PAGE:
A youth-led, youth-run initiative called San Francisco Communities who Help Advance the New Generation of Education — or SFCHANGE — is offering workshops to young people on topics that might not be taught in their classrooms otherwise, from organizing their finances to organizing around climate change. Adrianna Zhang, founder and executive director of operations for SFCHANGE, and Samantha Chu, an eighth grader who has attended one of the workshops, talked with “Civic” about the program.
Zhang, a high school junior who launched the program in September with senior Michelle Song, said it was inspired partly by the disparities she saw among her classmates in access to non-school resources, like people to ask for advice.
“You can study with somebody who is the child of a CEO, at the same time as somebody who is struggling on government assistance,” she said. “Topics like bullying, safety, child rights, finances, these are all topics typically learned through experience, and not often covered in standard school curriculum. So that’s where we decided to step up.”
Workshops are offered to middle and high school students, with a storytime session available for elementary school students. Teachers can request workshops and arrange the scheduling. Topics include internet safety, resume building, college readiness, and even a primer on racism and microaggressions. While the topics might be sober, Zhang said the workshops are meant to offer a little reprieve from the standard fare in virtual school.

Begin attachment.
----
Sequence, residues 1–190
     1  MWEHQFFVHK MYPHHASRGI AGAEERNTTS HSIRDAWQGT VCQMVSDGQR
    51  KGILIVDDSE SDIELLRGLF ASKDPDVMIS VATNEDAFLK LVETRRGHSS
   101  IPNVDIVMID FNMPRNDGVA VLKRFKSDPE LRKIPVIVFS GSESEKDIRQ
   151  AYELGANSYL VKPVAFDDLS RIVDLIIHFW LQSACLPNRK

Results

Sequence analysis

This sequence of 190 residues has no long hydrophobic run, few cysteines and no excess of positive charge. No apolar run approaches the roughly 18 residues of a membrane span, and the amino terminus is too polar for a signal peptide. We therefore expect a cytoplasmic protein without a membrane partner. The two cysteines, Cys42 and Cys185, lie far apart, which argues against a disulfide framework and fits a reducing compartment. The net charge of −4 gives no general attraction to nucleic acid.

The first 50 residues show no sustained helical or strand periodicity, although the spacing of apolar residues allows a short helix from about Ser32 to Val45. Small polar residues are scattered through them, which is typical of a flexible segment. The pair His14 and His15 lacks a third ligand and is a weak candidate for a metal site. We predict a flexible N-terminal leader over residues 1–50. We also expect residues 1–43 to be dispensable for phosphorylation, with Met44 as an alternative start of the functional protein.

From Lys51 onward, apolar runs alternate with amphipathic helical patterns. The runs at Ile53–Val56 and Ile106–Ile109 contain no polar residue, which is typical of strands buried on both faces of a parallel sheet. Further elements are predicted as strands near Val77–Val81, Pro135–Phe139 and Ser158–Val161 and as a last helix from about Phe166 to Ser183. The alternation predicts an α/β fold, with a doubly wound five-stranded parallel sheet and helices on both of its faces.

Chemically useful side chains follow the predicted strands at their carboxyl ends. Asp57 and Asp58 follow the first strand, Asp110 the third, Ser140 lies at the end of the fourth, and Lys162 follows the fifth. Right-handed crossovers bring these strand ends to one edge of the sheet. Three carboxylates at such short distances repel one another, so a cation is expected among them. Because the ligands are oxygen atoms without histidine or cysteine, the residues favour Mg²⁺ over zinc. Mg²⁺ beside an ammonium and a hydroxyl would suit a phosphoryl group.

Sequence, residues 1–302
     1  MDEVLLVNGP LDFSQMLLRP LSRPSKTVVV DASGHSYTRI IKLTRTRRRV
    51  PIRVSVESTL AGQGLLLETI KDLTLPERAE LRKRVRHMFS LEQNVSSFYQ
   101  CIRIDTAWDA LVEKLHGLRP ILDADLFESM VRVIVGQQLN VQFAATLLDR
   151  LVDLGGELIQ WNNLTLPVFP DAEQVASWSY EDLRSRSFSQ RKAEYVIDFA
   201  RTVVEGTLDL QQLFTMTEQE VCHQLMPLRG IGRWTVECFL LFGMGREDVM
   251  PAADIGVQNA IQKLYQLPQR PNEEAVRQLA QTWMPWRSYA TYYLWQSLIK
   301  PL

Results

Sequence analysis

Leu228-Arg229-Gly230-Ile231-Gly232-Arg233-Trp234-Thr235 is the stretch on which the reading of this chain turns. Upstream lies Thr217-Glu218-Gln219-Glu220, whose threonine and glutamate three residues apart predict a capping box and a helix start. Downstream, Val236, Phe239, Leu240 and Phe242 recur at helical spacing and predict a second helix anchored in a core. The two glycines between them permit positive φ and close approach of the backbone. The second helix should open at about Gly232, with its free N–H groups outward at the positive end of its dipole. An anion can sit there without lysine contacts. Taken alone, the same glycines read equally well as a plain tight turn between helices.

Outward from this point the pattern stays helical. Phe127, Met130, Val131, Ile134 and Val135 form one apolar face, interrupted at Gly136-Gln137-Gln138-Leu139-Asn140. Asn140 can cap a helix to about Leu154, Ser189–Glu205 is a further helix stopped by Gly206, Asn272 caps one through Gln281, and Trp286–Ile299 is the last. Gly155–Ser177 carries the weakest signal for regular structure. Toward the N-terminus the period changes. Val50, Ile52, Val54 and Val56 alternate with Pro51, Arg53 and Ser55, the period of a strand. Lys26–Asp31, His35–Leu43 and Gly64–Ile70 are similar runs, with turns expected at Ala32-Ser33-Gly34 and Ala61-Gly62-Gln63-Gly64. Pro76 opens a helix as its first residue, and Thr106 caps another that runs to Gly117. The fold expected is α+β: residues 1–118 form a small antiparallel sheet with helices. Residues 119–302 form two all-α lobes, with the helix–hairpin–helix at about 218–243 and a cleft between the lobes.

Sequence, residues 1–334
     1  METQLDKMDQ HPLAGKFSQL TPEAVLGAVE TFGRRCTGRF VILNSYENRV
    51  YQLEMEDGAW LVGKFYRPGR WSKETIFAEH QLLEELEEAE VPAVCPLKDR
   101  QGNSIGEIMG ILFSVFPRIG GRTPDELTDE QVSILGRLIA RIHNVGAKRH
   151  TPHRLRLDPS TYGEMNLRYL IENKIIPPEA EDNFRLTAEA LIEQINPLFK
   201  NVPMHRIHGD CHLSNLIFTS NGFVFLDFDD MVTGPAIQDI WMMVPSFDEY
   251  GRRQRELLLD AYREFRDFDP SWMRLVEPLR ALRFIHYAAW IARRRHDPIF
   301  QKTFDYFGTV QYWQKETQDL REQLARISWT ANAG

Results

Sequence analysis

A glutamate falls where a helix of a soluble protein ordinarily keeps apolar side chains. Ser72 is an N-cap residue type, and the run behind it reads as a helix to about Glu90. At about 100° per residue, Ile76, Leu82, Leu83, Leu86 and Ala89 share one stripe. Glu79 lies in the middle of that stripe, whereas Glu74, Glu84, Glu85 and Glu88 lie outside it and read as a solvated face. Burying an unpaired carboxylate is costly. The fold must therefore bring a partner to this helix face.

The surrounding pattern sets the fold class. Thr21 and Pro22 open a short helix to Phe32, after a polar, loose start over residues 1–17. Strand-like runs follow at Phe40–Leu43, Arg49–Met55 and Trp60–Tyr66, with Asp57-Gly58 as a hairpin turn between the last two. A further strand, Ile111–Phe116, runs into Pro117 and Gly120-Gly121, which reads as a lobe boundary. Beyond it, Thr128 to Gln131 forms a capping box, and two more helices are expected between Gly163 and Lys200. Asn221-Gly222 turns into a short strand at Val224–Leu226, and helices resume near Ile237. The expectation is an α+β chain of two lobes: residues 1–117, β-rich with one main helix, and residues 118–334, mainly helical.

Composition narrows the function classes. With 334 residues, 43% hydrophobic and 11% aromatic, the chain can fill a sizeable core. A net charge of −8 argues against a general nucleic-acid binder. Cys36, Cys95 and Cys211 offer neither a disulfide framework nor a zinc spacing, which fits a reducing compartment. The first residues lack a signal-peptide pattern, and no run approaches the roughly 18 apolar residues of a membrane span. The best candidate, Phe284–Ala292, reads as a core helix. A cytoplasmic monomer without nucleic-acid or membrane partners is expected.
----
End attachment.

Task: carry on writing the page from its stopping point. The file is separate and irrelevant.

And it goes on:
“The students always hear their teacher’s voice,” she said, “so having somebody new is refreshing.”
The focus is on participation and interaction. At a recent finances workshop for middle schoolers, Zhang kicked things off by asking students to brainstorm what they would do with a sudden windfall of $500. Most of the workshop involved brainstorming, sorting, participation, and a learning game rather than lecturing.
“It was like a nice break from school,” said Chu, who attended a two-session mental health workshop. “A virtual workshop is a lot more, like, participation and engaging compared to the virtual school, when you just sit down and you just take notes.”
It also helps that the workshop instructors are 21 years old or younger, Zhang said, which was an intent.
“All of our presenters are young people,” Zhang said. “You can connect to other youth a lot better.”
“I think that it makes me feel a bit closer to the person,” Chu said. “Probably if it was an adult, I think it’s a bit boring.”